Sometimes we are given a bird's eye view and other times we are looking over the shoulder of Tantoh and important people in his life. Readers never doubt the commitment and accomplishments of Tantoh. It is evident in his every look, gesture and the way in which he holds his body.
One of my many favorite illustrations accompanies the above quoted text. The text is placed higher on the page in a pale blue sky with soft clouds. Beneath this is a line of trees and a village building. On either side is a grove of trees. Moving down the page is an area of green with swirls of variegated pink shades. One is shaped like a heart. People stand and look at these gardens. The second half of the page, on the bottom, is a close-up of Tantoh and the mayor in another garden with large pink flowers. They are engaged in conversation. Two villagers are working near them.
We know one person can make a difference for the good of a great deal of people, but when you can hold their story in your hands, it's incredibly powerful. I Am Farmer: Growing An Environmental Movement In Cameroon written by Baptiste Paul and Miranda Paul with illustrations by Elizabeth Zunon will motivate and strengthen individuals in their resolve to achieve their dreams. At the close of the book there is an Authors' Note, Linbum Glossary and Pronunciation Guide, Words for Water and a map of Cameroon and Africa. I highly recommend this for your professional and personal collections.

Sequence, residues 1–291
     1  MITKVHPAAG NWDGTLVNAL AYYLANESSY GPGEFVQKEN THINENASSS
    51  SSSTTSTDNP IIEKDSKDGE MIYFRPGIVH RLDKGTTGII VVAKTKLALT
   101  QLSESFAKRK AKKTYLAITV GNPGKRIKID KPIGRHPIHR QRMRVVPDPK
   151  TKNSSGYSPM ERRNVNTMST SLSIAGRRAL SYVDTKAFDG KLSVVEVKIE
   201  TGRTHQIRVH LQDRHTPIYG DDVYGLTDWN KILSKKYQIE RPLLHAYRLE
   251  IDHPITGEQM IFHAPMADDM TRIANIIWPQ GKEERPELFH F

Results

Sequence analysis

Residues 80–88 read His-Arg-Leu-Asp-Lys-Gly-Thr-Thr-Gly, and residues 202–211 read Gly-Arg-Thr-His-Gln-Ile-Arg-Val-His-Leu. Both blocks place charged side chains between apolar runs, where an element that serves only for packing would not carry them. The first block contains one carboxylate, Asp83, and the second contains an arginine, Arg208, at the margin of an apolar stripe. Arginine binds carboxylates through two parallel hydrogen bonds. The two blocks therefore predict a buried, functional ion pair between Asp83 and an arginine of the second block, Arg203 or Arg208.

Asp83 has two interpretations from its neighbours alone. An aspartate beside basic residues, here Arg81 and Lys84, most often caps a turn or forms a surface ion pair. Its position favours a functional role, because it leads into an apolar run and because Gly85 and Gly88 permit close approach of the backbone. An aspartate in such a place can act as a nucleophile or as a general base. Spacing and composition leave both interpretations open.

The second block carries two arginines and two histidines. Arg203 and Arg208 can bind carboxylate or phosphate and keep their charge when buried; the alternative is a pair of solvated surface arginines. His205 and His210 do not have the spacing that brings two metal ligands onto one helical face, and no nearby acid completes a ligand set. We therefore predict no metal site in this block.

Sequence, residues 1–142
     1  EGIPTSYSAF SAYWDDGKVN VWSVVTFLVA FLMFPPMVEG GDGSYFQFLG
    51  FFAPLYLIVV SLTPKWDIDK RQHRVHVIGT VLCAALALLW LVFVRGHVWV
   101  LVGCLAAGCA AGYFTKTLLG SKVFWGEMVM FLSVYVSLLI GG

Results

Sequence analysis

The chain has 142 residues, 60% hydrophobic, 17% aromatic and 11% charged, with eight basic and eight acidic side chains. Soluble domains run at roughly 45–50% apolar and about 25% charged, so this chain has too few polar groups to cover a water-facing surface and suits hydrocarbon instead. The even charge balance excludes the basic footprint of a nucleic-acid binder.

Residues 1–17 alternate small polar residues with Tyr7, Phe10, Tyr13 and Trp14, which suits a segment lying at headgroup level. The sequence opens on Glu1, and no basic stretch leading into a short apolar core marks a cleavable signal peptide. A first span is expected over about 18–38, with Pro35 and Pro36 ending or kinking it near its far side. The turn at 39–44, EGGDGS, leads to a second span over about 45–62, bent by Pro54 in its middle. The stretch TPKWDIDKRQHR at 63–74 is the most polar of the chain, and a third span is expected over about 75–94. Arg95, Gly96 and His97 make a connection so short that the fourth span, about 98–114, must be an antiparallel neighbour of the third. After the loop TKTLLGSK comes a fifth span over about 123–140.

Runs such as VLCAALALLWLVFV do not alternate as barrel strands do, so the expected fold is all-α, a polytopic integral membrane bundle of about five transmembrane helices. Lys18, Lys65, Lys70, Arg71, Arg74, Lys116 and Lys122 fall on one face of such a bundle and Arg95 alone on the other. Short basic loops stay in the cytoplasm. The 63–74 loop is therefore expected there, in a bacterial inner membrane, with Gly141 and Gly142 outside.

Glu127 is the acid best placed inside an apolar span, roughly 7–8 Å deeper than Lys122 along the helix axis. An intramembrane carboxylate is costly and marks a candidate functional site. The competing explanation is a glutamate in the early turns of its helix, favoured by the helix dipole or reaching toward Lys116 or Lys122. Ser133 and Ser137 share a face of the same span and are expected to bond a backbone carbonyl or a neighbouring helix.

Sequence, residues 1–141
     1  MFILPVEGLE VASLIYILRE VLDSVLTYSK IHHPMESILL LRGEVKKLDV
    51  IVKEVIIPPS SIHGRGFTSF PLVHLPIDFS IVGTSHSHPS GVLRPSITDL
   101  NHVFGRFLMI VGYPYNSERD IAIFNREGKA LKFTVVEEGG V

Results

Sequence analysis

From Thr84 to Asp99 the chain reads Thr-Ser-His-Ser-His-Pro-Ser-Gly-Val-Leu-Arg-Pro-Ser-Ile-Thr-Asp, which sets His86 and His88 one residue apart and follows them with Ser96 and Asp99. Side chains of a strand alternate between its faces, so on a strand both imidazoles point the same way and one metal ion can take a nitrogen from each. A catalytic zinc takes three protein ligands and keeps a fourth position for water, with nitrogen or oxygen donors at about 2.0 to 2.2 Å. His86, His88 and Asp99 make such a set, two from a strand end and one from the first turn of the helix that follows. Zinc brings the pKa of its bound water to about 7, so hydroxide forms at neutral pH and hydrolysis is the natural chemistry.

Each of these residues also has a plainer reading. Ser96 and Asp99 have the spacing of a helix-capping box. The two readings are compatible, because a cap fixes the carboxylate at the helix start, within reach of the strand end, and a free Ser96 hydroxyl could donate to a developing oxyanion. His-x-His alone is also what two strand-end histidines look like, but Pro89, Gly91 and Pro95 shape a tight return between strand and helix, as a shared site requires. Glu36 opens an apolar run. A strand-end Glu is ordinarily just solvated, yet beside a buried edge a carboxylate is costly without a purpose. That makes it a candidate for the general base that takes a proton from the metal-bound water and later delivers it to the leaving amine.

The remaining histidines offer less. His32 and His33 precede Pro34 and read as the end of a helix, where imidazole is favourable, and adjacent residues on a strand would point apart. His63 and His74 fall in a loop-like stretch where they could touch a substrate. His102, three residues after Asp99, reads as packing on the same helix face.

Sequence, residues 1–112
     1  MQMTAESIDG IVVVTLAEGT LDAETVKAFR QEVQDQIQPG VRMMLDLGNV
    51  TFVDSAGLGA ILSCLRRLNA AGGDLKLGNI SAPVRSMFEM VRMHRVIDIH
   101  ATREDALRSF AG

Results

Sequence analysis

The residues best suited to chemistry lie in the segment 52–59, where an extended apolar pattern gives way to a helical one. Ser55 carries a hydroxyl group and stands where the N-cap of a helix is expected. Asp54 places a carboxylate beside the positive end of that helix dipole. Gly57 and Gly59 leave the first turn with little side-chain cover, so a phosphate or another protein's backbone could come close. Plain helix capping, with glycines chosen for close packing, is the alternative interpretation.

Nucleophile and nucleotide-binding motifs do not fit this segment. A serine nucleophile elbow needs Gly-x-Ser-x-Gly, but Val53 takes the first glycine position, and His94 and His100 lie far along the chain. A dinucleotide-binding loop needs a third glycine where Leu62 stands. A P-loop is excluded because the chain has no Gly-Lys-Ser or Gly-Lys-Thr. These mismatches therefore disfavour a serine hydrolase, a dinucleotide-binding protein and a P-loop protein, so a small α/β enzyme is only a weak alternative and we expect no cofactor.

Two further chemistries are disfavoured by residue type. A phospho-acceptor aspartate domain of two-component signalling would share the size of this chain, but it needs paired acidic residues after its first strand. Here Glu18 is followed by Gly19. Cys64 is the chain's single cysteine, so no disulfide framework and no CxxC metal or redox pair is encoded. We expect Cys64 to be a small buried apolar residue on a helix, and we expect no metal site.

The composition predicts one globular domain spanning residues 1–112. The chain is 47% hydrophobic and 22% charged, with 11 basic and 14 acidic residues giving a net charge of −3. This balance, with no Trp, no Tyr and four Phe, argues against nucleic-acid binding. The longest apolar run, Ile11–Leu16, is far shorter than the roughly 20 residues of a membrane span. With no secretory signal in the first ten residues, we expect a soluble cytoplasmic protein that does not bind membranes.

To learn more about Baptiste Paul, Miranda Paul and Elizabeth Zunon and their other work, please follow the links attached to their names to access their websites. Miranda Paul has a blog here. Paul, Miranda and Elizabeth have accounts on Twitter. Elizabeth Zunon has an account on Instagram. You can view interior pictures at the publisher's website. There is a post on the publisher's blog by Elizabeth Zunon about her artist process for this book. It is utterly fascinating. UPDATE: Author Traci Sorell interviews both Baptiste Paul and Miranda Paul at author Cynthia Leitich Smith's blog, Cynsations. They talk about their collaboration on this title and their other work. It is a wonderful, informative interview.
To view the titles selected this week by other participants in the 2019 Nonfiction Picture Book Challenge, please visit Kid Lit Frenzy hosted by educator Alyson Beecher.